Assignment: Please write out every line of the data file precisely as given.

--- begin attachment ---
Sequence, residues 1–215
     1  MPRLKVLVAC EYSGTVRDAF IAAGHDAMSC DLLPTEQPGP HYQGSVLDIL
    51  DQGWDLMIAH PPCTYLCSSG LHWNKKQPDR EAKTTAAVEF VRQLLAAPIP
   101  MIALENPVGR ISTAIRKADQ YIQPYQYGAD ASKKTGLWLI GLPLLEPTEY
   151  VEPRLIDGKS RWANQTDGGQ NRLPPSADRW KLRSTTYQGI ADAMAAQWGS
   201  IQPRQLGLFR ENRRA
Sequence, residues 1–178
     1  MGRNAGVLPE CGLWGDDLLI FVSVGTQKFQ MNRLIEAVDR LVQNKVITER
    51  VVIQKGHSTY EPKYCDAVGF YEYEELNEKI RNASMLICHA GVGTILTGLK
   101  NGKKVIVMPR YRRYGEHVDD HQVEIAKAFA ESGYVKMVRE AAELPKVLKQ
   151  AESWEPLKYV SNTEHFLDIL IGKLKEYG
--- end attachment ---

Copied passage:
Sequence, residues 1–215
     1  MPRLKVLVAC EYSGTVRDAF IAAGHDAMSC DLLPTEQPGP HYQGSVLDIL
    51  DQGWDLMIAH PPCTYLCSSG LHWNKKQPDR EAKTTAAVEF VRQLLAAPIP
   101  MIALENPVGR ISTAIRKADQ YIQPYQYGAD ASKKTGLWLI GLPLLEPTEY
   151  VEPRLIDGKS RWANQTDGGQ NRLPPSADRW KLRSTTYQGI ADAMAAQWGS
   201  IQPRQLGLFR ENRRA
Sequence, residues 1–178
     1  MGRNAGVLPE CGLWGDDLLI FVSVGTQKFQ MNRLIEAVDR LVQNKVITER
    51  VVIQKGHSTY EPKYCDAVGF YEYEELNEKI RNASMLICHA GVGTILTGLK
   101  NGKKVIVMPR YRRYGEHVDD HQVEIAKAFA ESGYVKMVRE AAELPKVLKQ
   151  AESWEPLKYV SNTEHFLDIL IGKLKEYG